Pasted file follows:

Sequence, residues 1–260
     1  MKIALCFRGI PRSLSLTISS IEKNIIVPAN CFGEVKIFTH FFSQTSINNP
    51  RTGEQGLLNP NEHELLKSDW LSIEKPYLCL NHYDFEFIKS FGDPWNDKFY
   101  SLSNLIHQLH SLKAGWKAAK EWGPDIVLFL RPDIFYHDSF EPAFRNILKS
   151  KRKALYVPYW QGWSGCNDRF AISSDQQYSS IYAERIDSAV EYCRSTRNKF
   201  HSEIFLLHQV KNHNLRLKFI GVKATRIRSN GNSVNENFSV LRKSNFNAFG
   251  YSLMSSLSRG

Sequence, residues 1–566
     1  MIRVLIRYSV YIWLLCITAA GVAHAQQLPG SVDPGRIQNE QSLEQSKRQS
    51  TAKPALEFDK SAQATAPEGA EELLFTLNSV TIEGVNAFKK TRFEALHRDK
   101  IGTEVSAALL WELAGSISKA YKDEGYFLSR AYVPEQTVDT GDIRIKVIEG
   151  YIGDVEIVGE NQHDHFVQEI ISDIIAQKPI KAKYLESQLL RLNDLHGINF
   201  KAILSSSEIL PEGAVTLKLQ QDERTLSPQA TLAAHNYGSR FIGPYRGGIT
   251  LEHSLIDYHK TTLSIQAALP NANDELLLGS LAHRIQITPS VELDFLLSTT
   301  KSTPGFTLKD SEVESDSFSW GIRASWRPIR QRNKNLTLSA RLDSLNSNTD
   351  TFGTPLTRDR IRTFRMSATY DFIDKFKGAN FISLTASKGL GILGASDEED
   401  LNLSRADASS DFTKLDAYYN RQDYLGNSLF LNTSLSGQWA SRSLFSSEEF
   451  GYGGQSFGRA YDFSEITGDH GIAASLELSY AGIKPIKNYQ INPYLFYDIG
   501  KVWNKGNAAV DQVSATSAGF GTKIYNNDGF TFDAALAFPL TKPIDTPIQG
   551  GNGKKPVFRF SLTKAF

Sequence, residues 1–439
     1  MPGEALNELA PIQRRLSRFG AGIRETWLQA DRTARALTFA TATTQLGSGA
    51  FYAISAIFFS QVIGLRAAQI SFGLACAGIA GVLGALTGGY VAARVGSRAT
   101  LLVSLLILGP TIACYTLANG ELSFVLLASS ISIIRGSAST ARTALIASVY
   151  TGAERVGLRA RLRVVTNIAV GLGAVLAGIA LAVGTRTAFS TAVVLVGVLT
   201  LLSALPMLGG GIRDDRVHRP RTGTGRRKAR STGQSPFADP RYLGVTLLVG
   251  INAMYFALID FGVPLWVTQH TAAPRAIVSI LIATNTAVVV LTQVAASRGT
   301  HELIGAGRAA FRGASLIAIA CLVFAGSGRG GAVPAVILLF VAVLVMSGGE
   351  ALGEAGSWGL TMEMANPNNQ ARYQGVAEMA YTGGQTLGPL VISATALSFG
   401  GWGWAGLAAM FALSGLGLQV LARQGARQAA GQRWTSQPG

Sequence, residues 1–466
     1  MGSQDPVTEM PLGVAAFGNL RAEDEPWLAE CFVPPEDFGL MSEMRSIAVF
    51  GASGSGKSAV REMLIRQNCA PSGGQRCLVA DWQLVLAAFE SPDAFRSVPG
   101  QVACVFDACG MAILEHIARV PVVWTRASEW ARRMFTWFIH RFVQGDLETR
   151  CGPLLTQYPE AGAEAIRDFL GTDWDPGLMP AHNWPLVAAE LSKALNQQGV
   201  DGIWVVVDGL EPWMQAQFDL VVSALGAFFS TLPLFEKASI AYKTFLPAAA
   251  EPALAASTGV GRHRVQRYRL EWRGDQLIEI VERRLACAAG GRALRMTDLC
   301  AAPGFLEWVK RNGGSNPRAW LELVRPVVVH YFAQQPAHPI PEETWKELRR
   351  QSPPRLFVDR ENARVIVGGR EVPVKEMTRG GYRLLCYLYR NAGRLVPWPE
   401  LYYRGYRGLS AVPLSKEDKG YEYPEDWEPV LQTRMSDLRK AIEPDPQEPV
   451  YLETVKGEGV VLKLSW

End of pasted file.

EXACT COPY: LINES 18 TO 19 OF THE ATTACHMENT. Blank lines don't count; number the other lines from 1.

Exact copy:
   451  GYGGQSFGRA YDFSEITGDH GIAASLELSY AGIKPIKNYQ INPYLFYDIG
   501  KVWNKGNAAV DQVSATSAGF GTKIYNNDGF TFDAALAFPL TKPIDTPIQG